What you can’t get by regulation, try to get by litigation. It didn’t take developer Stanley Kroenke too much time to get what he wanted from the small town of Buffalo, Minnesota. What he wanted was land rezoned from industrial to commercial so his store, a Wal-Mart, could expand into a supercenter. On April 3, 2001, newsflash recorded the vote taken by the City Council to reject the rezoning bid by Kroenke, who is a member of the Wal-Mart board of directors, and married into the Walton family. The Kroenke Group promptly sued the city, and the City Council huddled in Executive Session to discuss the Kroenke lawsuit, and by July 19th. a remarkable thing happened! The headline of the Wright County Journal-Press reads: “Wal-Mart Decision Reversed by City.” The City Council totally changed course, and rescinded their April vote of 3-2 against the rezoning, to vote 4-1 in favor of rezoning. The local paper said “an apparent show of support by Wal-Mart customers appeared to influence the Buffalo City Council..” The public does not know what the Kroenke legal representatives told Council members, but as soon as the hearing was over, Mr.Kroenke walked away with his rezoning. The Mayor told the audience at the hearing that denying Wal-Mart a rezoning was not consistent with the board’s past actions. “Wal-Mart has figured that out. That’s why they are taking us to court.” Only one Council member kept to his original vote. Steve Tryggeseth voted against the rezoning, said more than 50% of the calls he received were against the plan. At the hearing, the Kroenke Group admitted that the plan shown to the Council in April remained unchanged. Therefore it was the identical plan that the Council had rejected, citing a five point “finding of fact” to back up its decision. When word first surfaced that Kroenke was suing the city, the attorney for Buffalo was quoted as saying: “We maintain a rational basis was used for denying the zoning request. We hope there will be a hearing in court.” But that hearing never took place. The “rational basis” for their rejection must have been misplaced somewhere. At the final hearing, a local businessman, Victor Cohen, who once owned a clothing store in Buffalo, told the Council that the Wal-Mart supercenter would hurt the downtown. “When a downtown dies, the town dies,” Cohen said. He noted that the only place to get shoes or clothing now was a Wal-Mart or Target. “I love this town,” he concluded. “I would hate to see it die.” It apparently took a show of legal force to get the City Council of Buffalo to see the light.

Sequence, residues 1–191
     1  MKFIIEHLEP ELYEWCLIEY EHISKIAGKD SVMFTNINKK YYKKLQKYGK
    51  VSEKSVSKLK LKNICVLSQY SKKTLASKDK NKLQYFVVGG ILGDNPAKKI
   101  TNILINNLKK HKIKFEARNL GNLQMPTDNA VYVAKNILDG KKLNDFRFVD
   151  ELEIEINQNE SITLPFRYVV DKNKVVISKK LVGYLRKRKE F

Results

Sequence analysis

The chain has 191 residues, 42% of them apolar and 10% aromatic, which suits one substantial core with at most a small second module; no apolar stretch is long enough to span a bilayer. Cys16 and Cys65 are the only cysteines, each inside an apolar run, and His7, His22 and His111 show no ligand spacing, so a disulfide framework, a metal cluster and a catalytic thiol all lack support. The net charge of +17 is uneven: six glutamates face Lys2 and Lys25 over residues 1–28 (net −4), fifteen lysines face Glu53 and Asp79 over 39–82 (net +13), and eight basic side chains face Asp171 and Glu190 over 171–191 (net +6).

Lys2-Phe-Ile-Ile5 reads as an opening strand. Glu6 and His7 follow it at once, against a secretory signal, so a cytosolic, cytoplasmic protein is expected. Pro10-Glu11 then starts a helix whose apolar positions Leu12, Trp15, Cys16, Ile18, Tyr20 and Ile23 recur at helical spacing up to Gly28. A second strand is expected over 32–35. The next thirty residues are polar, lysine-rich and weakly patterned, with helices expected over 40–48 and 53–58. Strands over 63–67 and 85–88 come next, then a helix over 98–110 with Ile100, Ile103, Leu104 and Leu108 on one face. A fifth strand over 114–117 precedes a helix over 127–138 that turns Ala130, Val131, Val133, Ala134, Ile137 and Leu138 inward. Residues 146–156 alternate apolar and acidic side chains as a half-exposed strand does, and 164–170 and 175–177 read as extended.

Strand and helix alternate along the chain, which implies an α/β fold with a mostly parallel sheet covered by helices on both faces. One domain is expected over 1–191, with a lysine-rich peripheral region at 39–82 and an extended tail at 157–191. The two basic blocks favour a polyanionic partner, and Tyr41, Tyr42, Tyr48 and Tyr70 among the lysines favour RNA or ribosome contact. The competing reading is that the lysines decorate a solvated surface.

Is Buffalo for sale? Are zoning decisions made based on who files a lawsuit, or who comes in with the best-financed legal team? The 2 City Councilors who changed their vote talked about receiving lots of phone calls and emails about the rezoning. One said “he was not informed enough” about the matter the first time. Thus, in a matter of only 3 months, Wal-Mart gets its rezoning. This is how it is done in small town America. Opponents to the plan are considering filing a lawsuit against the city. Since the Council voted once with clear reasons for its decision, a complete reversal surely appears to be an arbitrary and capricious action, since the proposal submitted to the city never changed.